By Deepak Chopra
A heartfelt person may genuinely want to be compassionate. But how do you know if you are? Compassion is modest and usually silent. It's a quality others see in you, not one that you claim for yourself. The Buddha became known as the Compassionate One; he didn't call himself that.
Is compassion known by what it does? In some ways, yes. It's a sign of compassion if you are caring towards others and unselfish about your own needs. It shows compassion to sympathise with someone else's suffering and to help them get out of their distress and pain.
But in the Indian spiritual tradition, compassion is not based on actions, however kind, or on feelings, however sympathetic. Compassion is a deeper quality of consciousness. It is related to Jesus's words, "For what does it profit a man if he gains the whole world and loses or forfeits himself?"
In the rising economies of South Asia — and for a long time in the developed West — the question seems pointless. Gaining the whole world would bring untold power and wealth. Losing yourself is invisible and may not be real. In any case, you can cry all the way to the bank.
Compassion is a force that runs counter to selfishness, materialism, anda total focus on external rewards. This is a recipe for frustration and failure in modern times. For compassion to be real, it must be valuable; it must make life better and increase personal happiness. How can those benefits exist when the word compassion means, "to suffer with?"
Compassion brings its benefits as part of expanded consciousness. It's not an isolated quality. When you expand your awareness, compassion becomes a living reality; it is one aspect of leaving ego behind and living from a higher sense of self. Through meditation, a person finds a deeper level of the mind, and this experience changes pathways in the brain. Therefore, the more you follow the path of awareness, the more your brain is trained to allow compassionate actions and feelings to emerge.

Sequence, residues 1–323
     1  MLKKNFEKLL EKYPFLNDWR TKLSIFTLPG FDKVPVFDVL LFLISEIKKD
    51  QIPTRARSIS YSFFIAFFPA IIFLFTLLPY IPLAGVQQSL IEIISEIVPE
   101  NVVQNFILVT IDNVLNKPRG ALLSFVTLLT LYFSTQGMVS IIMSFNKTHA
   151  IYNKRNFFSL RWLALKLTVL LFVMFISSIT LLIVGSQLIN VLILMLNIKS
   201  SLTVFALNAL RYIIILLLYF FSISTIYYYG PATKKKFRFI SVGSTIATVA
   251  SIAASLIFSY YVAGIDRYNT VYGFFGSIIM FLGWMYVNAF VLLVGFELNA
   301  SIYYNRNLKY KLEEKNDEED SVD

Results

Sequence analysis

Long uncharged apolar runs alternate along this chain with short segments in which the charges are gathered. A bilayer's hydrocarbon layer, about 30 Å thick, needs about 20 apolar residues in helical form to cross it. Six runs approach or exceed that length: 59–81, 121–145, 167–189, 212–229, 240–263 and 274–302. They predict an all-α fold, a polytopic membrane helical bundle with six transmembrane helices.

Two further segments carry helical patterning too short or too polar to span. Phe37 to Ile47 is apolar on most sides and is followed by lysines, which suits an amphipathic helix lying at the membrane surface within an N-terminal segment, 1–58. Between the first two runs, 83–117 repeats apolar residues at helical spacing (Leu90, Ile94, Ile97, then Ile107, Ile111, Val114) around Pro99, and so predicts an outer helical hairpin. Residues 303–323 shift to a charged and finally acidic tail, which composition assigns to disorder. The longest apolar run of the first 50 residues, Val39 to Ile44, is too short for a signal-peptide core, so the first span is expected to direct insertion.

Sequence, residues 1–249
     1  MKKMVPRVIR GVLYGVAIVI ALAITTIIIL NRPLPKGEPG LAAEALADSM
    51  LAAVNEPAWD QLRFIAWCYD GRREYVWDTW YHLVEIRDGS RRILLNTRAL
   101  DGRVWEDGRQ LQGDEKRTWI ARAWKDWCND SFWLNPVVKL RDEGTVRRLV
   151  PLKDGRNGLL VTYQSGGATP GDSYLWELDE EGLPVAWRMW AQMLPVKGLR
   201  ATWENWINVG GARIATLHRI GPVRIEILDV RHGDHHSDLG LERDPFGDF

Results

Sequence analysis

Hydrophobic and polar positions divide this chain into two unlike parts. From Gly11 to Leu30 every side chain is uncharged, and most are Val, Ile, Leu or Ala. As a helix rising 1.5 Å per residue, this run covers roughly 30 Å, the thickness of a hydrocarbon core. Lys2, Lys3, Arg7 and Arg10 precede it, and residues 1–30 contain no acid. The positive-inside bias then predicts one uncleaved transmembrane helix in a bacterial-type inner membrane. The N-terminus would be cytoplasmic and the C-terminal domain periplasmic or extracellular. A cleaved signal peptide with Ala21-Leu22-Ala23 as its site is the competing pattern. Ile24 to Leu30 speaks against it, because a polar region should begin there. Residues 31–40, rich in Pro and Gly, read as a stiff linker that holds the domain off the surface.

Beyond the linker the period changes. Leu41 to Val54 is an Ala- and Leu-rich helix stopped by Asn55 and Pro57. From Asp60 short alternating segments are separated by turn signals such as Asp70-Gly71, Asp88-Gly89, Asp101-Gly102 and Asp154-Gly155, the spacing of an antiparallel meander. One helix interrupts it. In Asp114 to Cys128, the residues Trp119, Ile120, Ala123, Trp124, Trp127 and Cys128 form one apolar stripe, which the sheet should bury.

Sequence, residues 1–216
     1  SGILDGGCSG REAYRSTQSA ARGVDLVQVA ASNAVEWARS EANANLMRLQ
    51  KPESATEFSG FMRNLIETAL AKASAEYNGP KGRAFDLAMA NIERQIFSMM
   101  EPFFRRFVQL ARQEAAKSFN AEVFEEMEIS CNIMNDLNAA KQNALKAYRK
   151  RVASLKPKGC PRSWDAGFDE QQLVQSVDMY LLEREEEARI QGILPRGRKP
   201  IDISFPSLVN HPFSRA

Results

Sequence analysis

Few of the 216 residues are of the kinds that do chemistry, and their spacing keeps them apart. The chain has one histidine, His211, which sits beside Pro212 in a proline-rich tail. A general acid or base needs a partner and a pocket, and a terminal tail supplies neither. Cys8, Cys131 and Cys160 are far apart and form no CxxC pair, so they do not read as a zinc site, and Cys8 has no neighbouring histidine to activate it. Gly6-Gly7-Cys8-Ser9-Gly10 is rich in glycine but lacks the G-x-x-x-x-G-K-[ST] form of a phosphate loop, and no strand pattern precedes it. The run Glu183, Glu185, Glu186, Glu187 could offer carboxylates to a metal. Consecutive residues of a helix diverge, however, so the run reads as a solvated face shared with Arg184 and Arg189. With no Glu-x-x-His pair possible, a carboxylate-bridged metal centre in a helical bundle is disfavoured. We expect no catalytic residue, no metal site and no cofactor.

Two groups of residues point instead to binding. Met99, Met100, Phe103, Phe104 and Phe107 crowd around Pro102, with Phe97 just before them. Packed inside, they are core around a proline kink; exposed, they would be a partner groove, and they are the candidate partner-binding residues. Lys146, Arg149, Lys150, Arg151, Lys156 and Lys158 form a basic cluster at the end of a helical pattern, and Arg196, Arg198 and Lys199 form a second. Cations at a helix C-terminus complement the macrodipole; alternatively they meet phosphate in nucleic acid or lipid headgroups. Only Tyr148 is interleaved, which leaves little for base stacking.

The impulse to be sympathetic and kind exists in everyone. We all do compassionate things, and when we do, we feel better than when we act selfishly. When incidental impulses of compassion come and go, you can't truly live the entire quality of compassion. It emerges only after you have experienced a self that doesn't make the selfish, insecure demands of the ego. In other words, compassion is an evolved state, and when you decide that you want to evolve personally, the arrival of compassion is assured. Only the steps to reach it take time and patience.
What are those steps? They include the following:
Yoga: In the great wisdom tradition of India, yoga played an important role in the cultivation of self-awareness. As J Krishnamurti once said, "Self-awareness is the highest intelligence." There isa deep truth in this understanding, which is that the self of the individual is the self of the universe — the ground of your being is the ground of all being. Through yoga we enliven authentic compassion, which gives birth to love and ultimately results in healing.
It is interesting that the word healing is related to the word wholeness or the word holy. Healing ultimately is a return of the memory of wholeness. T S Eliot said in one of his poems, "We shall not cease from exploration and at the end of our exploring we will arrive at the place we started from and know the place for the first time." This return to wholeness allows us to be holy and healed.
Other steps include:
Do the right thing. Avoid doing what you know is wrong.
Follow the golden rule: Treat other people the way you want to be treated.
Don't act on impulses of anger.
Take responsibility for your own emotions — don't blame others.
Be kind when you can.
Respect the point of view of other people. Don't constantly defend your own.
See yourself as part of the human family, and invite everyone to be part of the same family.
Above all, practise meditation and other spiritual practices like prayer and self-reflection. Your greatest aim should be the expansion of your awareness.
Compassion would be the ideal basis for an entire society, as Jesus and the Buddha both envisioned. But for such a society to arise, it must be born in the heart of the individual. Compassion flourishes one person at a time. You are just one unit of consciousness in the world, but no one is more important than you at your spiritual core — one unit multiplied many times over can bring about a transformed world.
The writer is author of more than 75 books translated into over 35 languages. He is founder and chairman of The Chopra Foundation. The article was commissioned for Compassion Day.
[Painting by Phyllis Coniglio]